Cell culture and treatments
LTAg/hTERT immortalized normal ovarian surface epithelial cells (T80) as well as the HEY ovarian carcinoma cells (kindly provided by Dr. Gordon Mills [32,33], MD Anderson Cancer Center, TX) were cultured in RPMI 1640 media supplemented with 8% fetal bovine serum and penicillin/streptomycin. The clear cell ovarian carcinoma cell line, TOV21G, was kindly provided by Dr. Jonathan Lancaster (Moffitt Cancer Center, FL) [34,35]. The endometrioid ovarian carcinoma cell line, TOV112D, was obtained from ATCC (#CRL-11731, VA). Both TOV112D and TOV21G cells were maintained in MCDB131:Medium 199 (1:1 ratio) supplemented with 8% FBS and penicillin/streptomycin. The cell lines were subcultured by trypsinization using 0.25% Trypsin-EDTA and passaged at a 1:5 dilution. The human primary mammary epithelial cells (HMEC) were obtained from ATCC (PCS-600-010) and were cultured in Mammary Epithelial Cell Basal Medium (#PCS-600-030) supplemented with components of the Mammary Epithelial Growth Kit (#PCS-600-040); these cells were subcultured as described above using 0.05% Trypsin-EDTA. All cell lines utilized herein were STR profiled (Genetica Laboratories, NC) and mycoplasma tested to be negative.
T80, HEY, TOV21G, and TOV112D cells were seeded at 250,000 cells per well in 6-well plates or 35mm culture dishes. Cells were allowed to attach overnight prior to treatments or transfections. Cells were treated with 3000 IU/ml interferon-2α (IFN-2α) prior to assessment of PLSCR1 induction. For inhibition of the MAPK signaling pathway, pre-treatment with U0126 (10 μM) or an equal volume of DMSO was performed for 2 hours.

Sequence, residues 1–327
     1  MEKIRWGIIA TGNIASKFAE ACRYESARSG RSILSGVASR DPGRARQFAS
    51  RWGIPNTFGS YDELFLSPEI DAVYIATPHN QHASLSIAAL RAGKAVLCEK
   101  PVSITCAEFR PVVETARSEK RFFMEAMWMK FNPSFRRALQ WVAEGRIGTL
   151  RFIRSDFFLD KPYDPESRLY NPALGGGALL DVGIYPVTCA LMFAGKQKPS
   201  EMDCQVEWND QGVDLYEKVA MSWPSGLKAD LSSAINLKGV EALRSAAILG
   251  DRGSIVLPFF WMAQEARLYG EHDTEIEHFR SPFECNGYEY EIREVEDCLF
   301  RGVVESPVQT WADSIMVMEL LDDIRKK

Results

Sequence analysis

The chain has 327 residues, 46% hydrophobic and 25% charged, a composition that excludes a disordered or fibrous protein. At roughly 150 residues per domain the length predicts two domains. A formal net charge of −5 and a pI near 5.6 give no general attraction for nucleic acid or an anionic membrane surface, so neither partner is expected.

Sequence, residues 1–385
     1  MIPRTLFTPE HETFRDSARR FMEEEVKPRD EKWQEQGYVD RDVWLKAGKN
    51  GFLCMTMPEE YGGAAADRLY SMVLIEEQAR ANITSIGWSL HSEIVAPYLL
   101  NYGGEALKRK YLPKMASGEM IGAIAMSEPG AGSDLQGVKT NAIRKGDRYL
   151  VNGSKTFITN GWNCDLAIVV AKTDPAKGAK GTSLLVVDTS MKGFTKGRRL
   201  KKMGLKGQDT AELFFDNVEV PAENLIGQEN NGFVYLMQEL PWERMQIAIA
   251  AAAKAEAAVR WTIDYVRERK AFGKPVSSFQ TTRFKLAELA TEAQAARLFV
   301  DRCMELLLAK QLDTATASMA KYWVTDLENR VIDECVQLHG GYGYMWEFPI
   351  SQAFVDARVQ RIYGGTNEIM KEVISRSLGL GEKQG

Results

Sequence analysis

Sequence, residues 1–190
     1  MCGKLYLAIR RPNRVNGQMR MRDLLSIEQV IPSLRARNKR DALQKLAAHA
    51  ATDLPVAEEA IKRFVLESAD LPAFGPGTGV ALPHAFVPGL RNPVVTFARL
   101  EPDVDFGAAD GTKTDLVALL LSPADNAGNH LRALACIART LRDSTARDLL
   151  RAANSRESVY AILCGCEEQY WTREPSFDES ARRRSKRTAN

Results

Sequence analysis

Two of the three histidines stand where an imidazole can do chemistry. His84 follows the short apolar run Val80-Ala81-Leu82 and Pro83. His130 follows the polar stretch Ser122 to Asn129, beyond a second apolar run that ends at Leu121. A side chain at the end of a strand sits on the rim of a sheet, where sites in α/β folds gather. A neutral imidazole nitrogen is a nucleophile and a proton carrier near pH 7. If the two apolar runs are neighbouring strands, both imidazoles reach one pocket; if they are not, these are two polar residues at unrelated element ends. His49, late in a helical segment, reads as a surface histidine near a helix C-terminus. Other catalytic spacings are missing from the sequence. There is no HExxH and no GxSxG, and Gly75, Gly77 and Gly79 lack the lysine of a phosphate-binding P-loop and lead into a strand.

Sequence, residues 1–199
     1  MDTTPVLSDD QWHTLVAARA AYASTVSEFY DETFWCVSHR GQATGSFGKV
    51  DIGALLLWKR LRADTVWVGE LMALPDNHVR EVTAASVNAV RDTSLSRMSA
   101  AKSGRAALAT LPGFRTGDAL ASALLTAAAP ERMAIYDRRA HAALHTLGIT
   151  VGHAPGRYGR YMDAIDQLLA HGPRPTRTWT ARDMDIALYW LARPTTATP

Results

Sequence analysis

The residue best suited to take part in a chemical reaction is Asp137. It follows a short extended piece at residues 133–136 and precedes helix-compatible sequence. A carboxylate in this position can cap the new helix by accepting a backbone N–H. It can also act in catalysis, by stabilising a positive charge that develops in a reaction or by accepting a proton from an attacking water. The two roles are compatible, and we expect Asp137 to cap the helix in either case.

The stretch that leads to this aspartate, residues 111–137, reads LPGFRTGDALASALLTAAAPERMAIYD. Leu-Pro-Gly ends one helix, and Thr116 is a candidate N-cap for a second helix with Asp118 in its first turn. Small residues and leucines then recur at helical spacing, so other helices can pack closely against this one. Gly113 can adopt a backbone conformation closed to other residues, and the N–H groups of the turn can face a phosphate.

T80, HEY, TOV21G, and TOV112D were seeded at 250,000 cells/well in a 6-well plate or 35mm dishes (onto glass coverslips for immunofluorescence (as described below)) whereas HMEC cells were seeded at a density of 52,000 cells per well in 24-well plates (onto glass coverslips for immunofluorescence (as described below)). Following overnight adherence, cells were transfected at 1 μg plasmid per well using Fugene HD (Promega, WI) as previously described . For the studies involving U0126, cells were first pre-treated with 10 μM U0126 containing media for at least 2 hours prior to plasmid transfection. Six hours post-transfection, cells were overlayed with 2 ml of complete growth media containing U0126.
T80 cells were seeded at 250,000 cells/well in 6-well plates or 35mm dishes. Following overnight attachment, cells were transfected with one round of the following ON-TARGETplus siRNAs (Dharmacon, Lafayette, CO): non-targeting control siRNA (D-001810), PLSCR1 (L-003729-00), TLR4 (L-008088-01), TLR9 (L-004066-00), IRF3 (L-006875-00), STAT1 (L-003543-00), STAT3 (L-003544-00), and STING (L-024333-02). Dharmafect I was used as the transfection reagent (Dharmacon). The siRNA transfections were performed as described previously .